Three Damaging Pelvic Floor Rehab Myths
With increased awareness around pelvic floor problems, we are seeing more and more information on social media and even in the mainstream media about solutions to pelvic organ prolapse, incontinence and other dysfunctions of the pelvis.
For the most part this is a GREAT thing!
The more commonly discussed the topic, the more likely it is that women will feel less shame and embarrassment around the topic, but also that they will find SOLUTIONS!
But, as is often the case, drifting amongst lots of helpful and positive information is some misleading concepts and myths that will work AGAINST YOU as you try to rehab your pelvic floor.
Let’s check out some of the most popular ones in circulation!
Myth #1 Focus On The Floor!
I LOVE me some pelvic floor talk, but I have concerns. In insisting that the pelvic floor be considered, we have to be mindful of the message we are communicating.
We can’t ignore or forget it’s part of the whole, because...
IT’S PART OF THE WHOLE.
And we have to treat it as such.
In my personal experience and my experience working with clients I have observed that truly “strong” pelvic floors are the ones that work well and know their place.
They do their job, and ONLY their job.
They are surrounded and supported by strength.
They know how to relax.
They know when to work and how hard.
An anxious body, a dysbiotic microbiome, a pressure management system that is out of sync, or an imbalanced nervous system will all wreak havoc on a pelvic floor no matter how many kegels we do.
Let’s remember to #zoomout and acknowledge that pelvic floors have their own unique jobs that we want them to do well. They are supported and operated by our endocrine, neurological and microbiological (gut) systems, they have to work well with others and they can’t work alone.
Gosh, so much we can learn from these pelvic floors, eh??!!
Myth #2 Pilates and Yoga Are the ONLY Safe Forms of Exercise
For whatever reason, Pilates and gentle yoga have earned the reputation as the safe and ideal forms of exercise for postpartum moms and anyone struggling with prolapse or incontinence.
Like “Do your kegels, and then go do your Pilates and all your problems will resolve!”🤔🙄
If Pilates and yoga are your jam and you can find ways to do them that support your unique rehab process, i.e. they help you re-establish reflexive core stability, breath with the diaphragm, coordinate your PF with your diaphragm and recruit your pelvic floor optimally, then YAY!
But don’t kid yourself in thinking that these modalities are guaranteed to solve all of your pelvic health problems, because they ain’t.
And if you’re like me and you don’t want to be limited to those forms of movement and exercise, that is absolutely ok too!
You see, I’m all about that iron, particularly the kettlebell! To me it represents functional whole body strength and they are fun as heck to train with.
Besides that, there are countless exercises you can do with the kettlebell to build your body and support your core and pelvic floor.
Kettlebells come in many different weights, so you control volume and intensity of your movement. And with a handle that lends itself to all sorts of cool carries to help you train not just for sport, but for utility, because, hello, we have to carry stuff! Carrying kids, groceries, even just my body used to increase my POP symptoms, until I started TRAINING how to be strong and manage pressure WITH kettlebells!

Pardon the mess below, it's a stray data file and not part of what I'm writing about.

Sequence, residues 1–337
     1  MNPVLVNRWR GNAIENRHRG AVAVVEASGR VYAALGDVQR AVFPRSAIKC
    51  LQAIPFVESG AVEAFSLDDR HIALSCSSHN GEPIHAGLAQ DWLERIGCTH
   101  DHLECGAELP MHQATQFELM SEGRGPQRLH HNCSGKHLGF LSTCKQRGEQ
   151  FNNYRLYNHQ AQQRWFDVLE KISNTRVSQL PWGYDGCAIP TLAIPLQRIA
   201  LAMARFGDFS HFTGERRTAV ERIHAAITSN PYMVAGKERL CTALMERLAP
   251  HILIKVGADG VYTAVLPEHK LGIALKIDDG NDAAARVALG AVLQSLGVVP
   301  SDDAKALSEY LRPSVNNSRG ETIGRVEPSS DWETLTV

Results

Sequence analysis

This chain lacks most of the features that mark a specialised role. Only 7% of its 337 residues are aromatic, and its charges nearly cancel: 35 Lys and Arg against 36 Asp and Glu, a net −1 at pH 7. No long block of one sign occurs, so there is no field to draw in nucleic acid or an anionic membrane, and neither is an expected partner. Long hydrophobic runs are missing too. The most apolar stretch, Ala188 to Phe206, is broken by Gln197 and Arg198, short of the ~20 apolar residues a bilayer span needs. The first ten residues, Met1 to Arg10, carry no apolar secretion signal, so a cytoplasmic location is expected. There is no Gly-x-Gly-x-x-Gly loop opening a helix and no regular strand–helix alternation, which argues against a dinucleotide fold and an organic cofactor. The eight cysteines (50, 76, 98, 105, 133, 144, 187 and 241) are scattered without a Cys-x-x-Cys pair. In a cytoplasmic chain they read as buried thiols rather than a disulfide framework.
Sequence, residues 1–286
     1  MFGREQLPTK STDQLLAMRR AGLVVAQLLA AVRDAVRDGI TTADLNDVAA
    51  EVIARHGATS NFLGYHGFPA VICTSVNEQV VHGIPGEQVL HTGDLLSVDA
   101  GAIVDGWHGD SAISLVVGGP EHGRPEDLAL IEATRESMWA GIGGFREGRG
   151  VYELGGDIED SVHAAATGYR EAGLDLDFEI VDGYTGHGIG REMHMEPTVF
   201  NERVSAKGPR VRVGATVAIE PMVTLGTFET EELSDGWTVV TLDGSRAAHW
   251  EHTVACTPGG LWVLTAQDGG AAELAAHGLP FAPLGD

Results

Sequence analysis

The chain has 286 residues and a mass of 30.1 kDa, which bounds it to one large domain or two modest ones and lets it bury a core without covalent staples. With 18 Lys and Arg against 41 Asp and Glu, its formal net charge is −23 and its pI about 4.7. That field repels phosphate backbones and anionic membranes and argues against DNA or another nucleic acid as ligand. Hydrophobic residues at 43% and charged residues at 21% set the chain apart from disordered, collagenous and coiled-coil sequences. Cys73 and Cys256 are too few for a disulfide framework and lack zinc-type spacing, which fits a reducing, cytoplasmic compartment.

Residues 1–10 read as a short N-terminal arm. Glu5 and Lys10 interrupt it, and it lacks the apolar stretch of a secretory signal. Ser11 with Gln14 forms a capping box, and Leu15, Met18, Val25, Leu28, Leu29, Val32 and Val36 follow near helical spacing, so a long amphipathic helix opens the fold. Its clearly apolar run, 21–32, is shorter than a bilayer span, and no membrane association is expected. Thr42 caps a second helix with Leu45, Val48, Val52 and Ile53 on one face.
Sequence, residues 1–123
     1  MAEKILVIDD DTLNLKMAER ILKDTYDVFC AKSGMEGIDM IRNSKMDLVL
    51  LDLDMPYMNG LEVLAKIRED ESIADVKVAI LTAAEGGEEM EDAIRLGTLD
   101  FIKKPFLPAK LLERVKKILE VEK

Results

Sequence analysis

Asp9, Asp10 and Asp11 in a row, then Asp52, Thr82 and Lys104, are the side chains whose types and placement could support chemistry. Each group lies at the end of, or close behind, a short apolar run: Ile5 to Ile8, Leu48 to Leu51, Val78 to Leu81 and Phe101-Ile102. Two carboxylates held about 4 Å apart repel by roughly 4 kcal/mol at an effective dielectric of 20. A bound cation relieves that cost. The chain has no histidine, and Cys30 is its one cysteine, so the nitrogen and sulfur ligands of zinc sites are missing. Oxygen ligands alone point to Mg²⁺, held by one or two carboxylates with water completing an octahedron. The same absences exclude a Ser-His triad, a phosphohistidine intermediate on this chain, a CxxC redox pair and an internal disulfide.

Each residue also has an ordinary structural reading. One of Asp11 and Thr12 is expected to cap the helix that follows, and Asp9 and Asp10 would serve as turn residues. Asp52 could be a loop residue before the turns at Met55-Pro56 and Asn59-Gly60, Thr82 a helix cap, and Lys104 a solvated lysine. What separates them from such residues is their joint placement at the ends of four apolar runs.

I’m not saying kettlebells are the End All Be All of fixing your pelvic health problems. They are no more of a panacea than #kegels are.
But they are an incredible tool that when applied well, can re-build strength in movement for clients of ALL ages and fitness capabilities.
And this can be said for MANY other forms of training besides yoga and Pilates.
Let’s stop limiting people to what has been deemed “safe” and let’s find things that inspire and address weaknesses!
Myth #3 Tight and Tense= Strong
We put emphasis on the need for pelvic floors (and vaginas) to be “strong” but many women hear “tight” and “forceful” and so they practice squeezing and contracting.
But the reality is that the optimal heath of the pelvic floor is SO MUCH MORE complex and wonderful than that.
Exclusively focusing on what we perceive to be “strength” can be insufficient for optimizing pelvic health and often times causes harm.
The pelvic floor has jobs to do and a range of motion to move through.
If you define “strength” as the ability to do your assigned job well, then sure, let’s make our pelvic floors STRONG.
BUT if you think a “strong” pelvic floor is one that is tight, lifted, contracted, tense and/or rigid, then read this graphic a few times.
Sarah Smith is a former athletic coach, personal trainer, level two Russian Kettlebell Instructor, postnatal fitness specialist and functional pelvic floor and gut health advocate with a Masters in Soil Science and Agricultural.
She works online and in her garage gym in Raleigh, North Carolina.
Sarah is a published author and has a decade experience conducting research at The National Institutes of Health, National Cancer Institute, University of Arizona and North Carolina State University. She uses evidence-based strategies to help her clients grow strong, confident and capable in their bodies-even when struggling with pelvic floor dysfunction, pelvic organ prolapse, gut health complications and other injuries or health conditions.
She is a mom to three boys and one English Bulldog. She loves kettlebells, leisure walks, chickens, soil, coffee, not folding laundry and watching people move, in a non-creepy way.